A Road Trip Through My Daughter’s Eyes

It is tempting to tell our children what they see, but it is beautiful to listen to them tell us. A family road trip reminded me of this.
I’m watching Sydney watch the changing scenery through the window of our van.

It is tempting to tell our children what they see, but it is beautiful to listen to them tell us.
It is tempting to tell our children what they see, but it is beautiful to listen to them tell us.

We have traveled 650 miles in just over a day. We have moved through ever changing scenery; desert turned to forest, cacti to evergreens, and slowly, the desert sand is turning to vegetation. The temperature has dropped by 40 degrees, and we have played in snow in flip flops.As I watch Sydney’s little face take it all in, I am tempted to interpret it for her; to share with her exactly what I see. But that is my experience, not hers.I have shared some of my observations, and offered to open conversation, but this is her trip. I do not want her to see it as I do.Though she only turned 4 last week, this ride is shaping her. It is becoming a part of her. Somewhere, and some time, she will pull from these days of watching the land change, though she may not recall it.

Keeping ourselves quiet so that our children can have their own experience, is tough. "A Road Trip Through My Daughter's Eyes" by Jennifer Andersen OurMuddyBoots.com
It is tempting to tell our children what they see, but it is beautiful to listen to them tell us. “A Road Trip Through My Daughter’s Eyes” by Jennifer Andersen OurMuddyBoots.com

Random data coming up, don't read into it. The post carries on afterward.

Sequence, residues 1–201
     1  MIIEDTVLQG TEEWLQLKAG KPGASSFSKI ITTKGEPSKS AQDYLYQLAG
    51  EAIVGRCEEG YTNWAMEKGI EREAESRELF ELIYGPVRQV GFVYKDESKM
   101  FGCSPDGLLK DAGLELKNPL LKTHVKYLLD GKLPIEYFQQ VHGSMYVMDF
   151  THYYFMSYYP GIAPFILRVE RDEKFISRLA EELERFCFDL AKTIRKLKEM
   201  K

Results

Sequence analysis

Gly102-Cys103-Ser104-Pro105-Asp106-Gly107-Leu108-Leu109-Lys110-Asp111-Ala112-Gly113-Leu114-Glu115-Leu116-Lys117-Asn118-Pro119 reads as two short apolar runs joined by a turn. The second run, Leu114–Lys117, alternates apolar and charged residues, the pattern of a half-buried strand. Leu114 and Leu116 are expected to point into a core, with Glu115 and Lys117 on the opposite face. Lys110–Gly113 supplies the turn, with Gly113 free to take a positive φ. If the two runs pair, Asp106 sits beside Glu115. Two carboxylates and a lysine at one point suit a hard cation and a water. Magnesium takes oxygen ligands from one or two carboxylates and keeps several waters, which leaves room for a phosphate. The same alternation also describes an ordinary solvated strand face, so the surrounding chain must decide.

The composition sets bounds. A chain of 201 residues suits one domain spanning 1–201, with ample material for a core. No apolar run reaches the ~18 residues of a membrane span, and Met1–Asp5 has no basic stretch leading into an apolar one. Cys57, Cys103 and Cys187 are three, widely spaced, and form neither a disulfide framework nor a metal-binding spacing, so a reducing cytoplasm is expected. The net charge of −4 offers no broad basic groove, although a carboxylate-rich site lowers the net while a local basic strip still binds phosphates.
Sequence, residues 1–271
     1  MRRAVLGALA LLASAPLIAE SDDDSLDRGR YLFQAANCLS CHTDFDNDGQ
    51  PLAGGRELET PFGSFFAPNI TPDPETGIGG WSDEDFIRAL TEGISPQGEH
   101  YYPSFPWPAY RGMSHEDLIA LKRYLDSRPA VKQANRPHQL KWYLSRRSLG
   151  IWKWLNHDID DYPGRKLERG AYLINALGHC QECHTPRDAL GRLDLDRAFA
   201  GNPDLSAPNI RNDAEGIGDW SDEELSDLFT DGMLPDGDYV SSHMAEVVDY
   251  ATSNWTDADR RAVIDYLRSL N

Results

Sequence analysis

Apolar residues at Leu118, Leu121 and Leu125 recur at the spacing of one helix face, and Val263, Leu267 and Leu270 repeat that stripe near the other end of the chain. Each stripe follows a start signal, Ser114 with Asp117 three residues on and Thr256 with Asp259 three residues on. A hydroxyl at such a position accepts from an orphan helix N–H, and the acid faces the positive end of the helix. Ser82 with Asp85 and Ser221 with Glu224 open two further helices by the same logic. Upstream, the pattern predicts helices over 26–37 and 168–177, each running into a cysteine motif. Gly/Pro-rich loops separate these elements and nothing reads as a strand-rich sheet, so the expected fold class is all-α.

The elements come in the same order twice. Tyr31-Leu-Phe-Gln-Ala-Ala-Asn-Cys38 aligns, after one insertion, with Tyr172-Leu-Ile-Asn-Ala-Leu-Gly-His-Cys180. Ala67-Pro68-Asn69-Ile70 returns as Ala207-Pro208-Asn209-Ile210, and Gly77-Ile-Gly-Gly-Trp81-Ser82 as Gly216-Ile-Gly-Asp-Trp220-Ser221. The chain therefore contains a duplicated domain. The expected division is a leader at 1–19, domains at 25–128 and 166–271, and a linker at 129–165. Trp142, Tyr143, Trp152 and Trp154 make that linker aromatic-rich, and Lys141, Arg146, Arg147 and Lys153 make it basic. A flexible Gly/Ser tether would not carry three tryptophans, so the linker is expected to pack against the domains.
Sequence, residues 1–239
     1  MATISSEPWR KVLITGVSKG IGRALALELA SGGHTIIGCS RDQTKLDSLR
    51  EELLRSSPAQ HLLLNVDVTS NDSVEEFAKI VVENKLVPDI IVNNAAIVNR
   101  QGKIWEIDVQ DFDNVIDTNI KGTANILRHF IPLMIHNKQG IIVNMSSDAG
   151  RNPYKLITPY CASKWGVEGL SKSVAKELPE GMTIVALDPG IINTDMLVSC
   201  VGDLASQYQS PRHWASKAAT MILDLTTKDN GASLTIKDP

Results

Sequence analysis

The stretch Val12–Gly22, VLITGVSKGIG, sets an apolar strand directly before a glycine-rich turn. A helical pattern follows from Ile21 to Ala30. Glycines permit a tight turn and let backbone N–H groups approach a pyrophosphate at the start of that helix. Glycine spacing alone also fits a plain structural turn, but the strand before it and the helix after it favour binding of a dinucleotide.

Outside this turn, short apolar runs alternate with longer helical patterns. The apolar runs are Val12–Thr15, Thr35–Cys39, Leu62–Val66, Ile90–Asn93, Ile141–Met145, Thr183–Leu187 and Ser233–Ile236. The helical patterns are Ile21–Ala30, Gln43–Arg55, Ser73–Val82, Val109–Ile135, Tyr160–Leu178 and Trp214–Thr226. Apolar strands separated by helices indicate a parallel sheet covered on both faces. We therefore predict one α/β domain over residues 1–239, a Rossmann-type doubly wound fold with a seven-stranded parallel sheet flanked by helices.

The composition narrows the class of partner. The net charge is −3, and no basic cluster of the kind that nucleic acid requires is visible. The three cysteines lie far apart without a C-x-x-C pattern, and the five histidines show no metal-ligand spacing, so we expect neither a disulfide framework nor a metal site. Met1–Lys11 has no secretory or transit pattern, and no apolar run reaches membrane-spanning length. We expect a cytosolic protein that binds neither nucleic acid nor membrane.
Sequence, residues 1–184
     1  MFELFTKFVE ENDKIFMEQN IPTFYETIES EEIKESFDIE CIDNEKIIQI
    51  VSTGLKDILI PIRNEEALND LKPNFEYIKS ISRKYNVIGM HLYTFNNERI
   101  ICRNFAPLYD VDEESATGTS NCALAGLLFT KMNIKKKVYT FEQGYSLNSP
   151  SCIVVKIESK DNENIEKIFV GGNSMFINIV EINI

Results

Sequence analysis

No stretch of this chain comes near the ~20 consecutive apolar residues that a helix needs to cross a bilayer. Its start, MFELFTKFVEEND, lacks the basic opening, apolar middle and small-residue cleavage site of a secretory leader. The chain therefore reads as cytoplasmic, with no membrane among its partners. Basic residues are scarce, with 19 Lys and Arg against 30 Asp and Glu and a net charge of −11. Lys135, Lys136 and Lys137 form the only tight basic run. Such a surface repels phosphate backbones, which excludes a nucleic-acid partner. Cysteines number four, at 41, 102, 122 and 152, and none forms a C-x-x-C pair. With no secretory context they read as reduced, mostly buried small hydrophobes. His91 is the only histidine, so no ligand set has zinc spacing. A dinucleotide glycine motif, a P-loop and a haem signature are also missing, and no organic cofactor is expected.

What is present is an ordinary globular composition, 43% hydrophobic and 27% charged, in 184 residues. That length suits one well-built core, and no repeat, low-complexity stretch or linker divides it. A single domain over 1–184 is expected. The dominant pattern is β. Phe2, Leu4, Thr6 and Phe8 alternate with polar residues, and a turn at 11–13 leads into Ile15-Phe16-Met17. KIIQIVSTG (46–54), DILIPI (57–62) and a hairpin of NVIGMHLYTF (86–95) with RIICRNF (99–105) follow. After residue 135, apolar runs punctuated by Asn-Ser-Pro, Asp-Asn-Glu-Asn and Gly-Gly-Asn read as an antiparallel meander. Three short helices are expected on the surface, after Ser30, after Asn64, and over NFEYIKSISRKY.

I’m taking photographs, and keeping a log, so that both of my children have a record of it. That is my part; recording my experience as their mother.

Keeping ourselves quiet so that our children can have their own experience, is tough. "A Road Trip Through My Daughter's Eyes" by Jennifer Andersen OurMuddyBoots.com
Keeping ourselves quiet so that our children can have their own experience, is tough. “A Road Trip Through My Daughter’s Eyes” by Jennifer Andersen OurMuddyBoots.com

So as I watch my daughter’s face as she looks through our van’s window, I will keep my mouth closed. Rather than telling her what she should see, I will look forward to the day when she tells me all about it.

3 Replies to “A Road Trip Through My Daughter’s Eyes”

  1. Such a lovely concept! My daughter is just learning to speak and it’s lovely to have her walk home from nursery with me pointing out every single door and every single car because they’re her latest words! Kids often point out the things we are so jaded to that we don’t see.

    • Year ago when mine were little I read about ‘toddler time’ and it was the concept of seeing the world and experiencing time as a toddler. They stop and really see the flowers when we pass them by. What a delicious time of time!

  2. Love the way you respect your children as humans. Not that many parents approach their children as fully formed humans, deserving to be treated as people not “little” kids. Reminds me of when my kids were younger. It was so obvious to my husband and me that our kids had full personalities from the very beginning.